Conservatives Causing Problems: Clashing With GOP Establishment

The Grand Old Party rests on a false premise: Conservative ideas won’t sell anywhere but in conservative places. This premise is wrong, as Pat Toomey is proving in Pennsylvania. The national Republicans spurned Pat Toomey in favor of Arlen Specter. Look what happened there. And now, wonder of wonders, Toomey would beat Specter head-to-head. What changed?

Nothing.

The Republican party simply does not have faith in certain core ideals anymore because they believe that the American people don’t believe them anymore. They are wrong. I’ll get to that in a minute.

First, the Wall Street Journal’s Naftali Bendavid has a provocative piece about how Tea Party activists are tangling with GOP leadership:

But these newly energized conservatives present GOP leaders with a potential problem: The party’s strategy for attracting moderate voters risks alienating activists who are demanding ideological purity, who may then gravitate to other candidates or stay at home. It’s a classic dilemma faced by parties in the minority — tension between those who want a return to the party’s ideological roots and those who want candidates most likely to win in their districts.

Here is another false premise: Activists are demanding ideological purity. No, they are demanding
that the Republican party stand for something, anything.

How can a socialist call oneself a Republican? And what good does a Republican socialist do once in office? If the ideas of a candidate would have him or her voting Democrat 90% of the time, what good is it to have him? The Democrats are demonstrating this problem right now. Blue Dogs don’t want the health care plan and rightly so. They will be trounced back home should they vote to expand the government. But therein lies the dilemma: Democrats are for expanding government. They believe, fundamentally, that the government is the solution. Why be a Democrat if you don’t believe that? Progressive Democrats are rightly furious. It has been their goal for ages to socialize medicine. Now, with huge majorities, they’re still being thwarted–by their own.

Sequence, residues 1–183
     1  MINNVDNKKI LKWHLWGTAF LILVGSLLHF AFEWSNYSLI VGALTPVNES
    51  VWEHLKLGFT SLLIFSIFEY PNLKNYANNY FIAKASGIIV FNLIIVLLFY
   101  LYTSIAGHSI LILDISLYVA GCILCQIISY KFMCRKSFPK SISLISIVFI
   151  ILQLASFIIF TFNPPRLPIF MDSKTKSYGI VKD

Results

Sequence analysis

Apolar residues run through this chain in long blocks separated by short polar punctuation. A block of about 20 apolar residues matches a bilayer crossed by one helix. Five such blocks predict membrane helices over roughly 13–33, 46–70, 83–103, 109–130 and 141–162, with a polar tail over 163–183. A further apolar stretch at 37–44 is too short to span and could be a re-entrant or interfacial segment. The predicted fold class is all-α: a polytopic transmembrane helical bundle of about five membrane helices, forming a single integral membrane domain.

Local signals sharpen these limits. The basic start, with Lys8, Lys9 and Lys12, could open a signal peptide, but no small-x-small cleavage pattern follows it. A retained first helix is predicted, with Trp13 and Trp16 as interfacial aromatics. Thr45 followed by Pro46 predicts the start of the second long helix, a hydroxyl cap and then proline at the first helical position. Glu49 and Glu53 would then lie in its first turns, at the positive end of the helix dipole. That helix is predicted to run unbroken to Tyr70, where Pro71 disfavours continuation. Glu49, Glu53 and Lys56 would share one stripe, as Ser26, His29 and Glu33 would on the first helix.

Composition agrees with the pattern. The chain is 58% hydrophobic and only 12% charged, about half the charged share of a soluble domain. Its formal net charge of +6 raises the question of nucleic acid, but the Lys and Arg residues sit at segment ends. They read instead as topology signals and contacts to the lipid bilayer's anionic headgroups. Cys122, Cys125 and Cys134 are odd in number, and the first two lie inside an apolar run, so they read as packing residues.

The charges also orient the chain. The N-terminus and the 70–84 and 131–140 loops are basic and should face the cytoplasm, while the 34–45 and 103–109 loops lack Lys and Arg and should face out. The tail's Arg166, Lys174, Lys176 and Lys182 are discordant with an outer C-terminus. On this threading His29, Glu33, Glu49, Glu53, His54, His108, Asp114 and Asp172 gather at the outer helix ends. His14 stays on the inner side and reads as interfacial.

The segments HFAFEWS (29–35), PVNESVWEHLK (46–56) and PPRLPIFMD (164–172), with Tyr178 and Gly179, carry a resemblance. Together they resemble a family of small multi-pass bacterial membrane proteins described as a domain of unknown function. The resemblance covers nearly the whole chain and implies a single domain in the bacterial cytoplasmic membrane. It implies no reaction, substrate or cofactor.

Winning at all costs usually means not winning at all. Arlen Specter is self-serving loathsome creature. He swung back and forth making decisions that suited him. He had no ideological center. He has no core beliefs. Well, he has one: What is good for me?

The Republican party needs to stand for something. Isn’t a small-government bent, the least people should expect from the party? It seems that the Republicans still don’t know why they were voted out of office. It was not because they were “too conservative”. That argument would apply had they attempted to stick to any conservative policy. No, they lost because they strayed from their core beliefs.

So, until the Republican party gets clear, the Tea Party folks will be pushing back. And if that means losing some local elections until the Republican party gets religion, so be it. The American people do not want some softer version of Democrats. Obama won because he sounded like Ronald Reagan–all personal responsibility and low taxes.

The Republican party is putting up candidates who believe in big government because they believe that’s what the people want. They are wrong. The American people want an alternative to the soft socialism coming from the Left. The American people want jobs–that comes from smaller, not bigger government. The American people want spending cuts–that comes from fiscal responsibility on the part of Congressional members. These are all (or used to be) Republican ideals.

In the midterm elections, Republicans are going to sweep. People are sick to death of the Democrats already. Republicans should be scouring the landscape for solid conservatives who will deliver responsible legislation once elected. Right now, they’re treating the electoral ills wrong because they’ve misdiagnosed the cause.

Tea Partiers have it right. The Republicans need to pay attention or risk staying a minority party for a very long time.

P.S. And to those folks believing that there is going to be some magical Third Party to save the day, I say that the cure is to remake the Republican party, not go outside it.

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